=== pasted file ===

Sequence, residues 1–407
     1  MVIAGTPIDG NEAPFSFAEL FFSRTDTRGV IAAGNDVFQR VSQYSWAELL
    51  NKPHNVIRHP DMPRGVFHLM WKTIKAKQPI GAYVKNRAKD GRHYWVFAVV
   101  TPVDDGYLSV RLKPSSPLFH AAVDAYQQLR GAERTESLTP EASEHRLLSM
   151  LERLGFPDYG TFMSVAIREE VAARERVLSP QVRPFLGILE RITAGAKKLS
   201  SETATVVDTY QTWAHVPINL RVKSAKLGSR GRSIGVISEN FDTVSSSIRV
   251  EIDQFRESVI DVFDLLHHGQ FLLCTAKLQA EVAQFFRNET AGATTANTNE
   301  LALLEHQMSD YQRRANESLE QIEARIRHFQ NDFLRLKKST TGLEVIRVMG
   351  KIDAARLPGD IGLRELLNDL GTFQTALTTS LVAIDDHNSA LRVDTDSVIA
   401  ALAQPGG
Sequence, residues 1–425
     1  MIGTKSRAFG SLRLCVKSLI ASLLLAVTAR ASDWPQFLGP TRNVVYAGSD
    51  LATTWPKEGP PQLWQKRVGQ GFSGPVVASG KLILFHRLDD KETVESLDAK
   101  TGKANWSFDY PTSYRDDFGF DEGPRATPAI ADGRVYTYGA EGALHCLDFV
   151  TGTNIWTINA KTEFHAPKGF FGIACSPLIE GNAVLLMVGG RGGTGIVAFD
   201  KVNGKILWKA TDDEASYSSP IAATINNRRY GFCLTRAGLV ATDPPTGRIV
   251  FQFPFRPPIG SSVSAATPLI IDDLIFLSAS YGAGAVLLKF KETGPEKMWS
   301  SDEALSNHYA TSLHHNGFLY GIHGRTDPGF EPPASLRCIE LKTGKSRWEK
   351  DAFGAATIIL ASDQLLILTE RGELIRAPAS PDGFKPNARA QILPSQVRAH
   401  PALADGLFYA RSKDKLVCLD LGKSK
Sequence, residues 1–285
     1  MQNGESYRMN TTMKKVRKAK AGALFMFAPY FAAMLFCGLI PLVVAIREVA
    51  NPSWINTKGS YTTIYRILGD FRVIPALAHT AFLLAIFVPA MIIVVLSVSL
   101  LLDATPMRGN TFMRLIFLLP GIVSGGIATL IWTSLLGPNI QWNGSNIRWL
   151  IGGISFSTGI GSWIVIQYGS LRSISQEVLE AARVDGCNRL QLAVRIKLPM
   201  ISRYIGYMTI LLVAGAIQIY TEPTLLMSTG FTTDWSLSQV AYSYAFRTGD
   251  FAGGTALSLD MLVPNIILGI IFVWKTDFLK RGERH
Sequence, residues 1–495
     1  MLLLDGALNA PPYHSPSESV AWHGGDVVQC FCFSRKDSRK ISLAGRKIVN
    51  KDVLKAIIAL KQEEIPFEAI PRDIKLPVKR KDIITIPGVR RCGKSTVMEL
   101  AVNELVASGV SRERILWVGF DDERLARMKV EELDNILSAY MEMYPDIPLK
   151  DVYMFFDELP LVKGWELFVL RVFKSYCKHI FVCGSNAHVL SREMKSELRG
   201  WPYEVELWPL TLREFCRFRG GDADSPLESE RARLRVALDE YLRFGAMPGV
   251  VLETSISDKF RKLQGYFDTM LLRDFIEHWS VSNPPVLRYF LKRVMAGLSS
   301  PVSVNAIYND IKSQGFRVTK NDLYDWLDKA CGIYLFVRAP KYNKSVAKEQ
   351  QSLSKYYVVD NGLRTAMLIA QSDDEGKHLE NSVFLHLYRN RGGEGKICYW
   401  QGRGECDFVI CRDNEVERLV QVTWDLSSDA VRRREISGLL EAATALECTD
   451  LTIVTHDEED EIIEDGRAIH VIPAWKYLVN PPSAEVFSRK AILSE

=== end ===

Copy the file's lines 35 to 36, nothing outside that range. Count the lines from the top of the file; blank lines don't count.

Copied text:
   301  PVSVNAIYND IKSQGFRVTK NDLYDWLDKA CGIYLFVRAP KYNKSVAKEQ
   351  QSLSKYYVVD NGLRTAMLIA QSDDEGKHLE NSVFLHLYRN RGGEGKICYW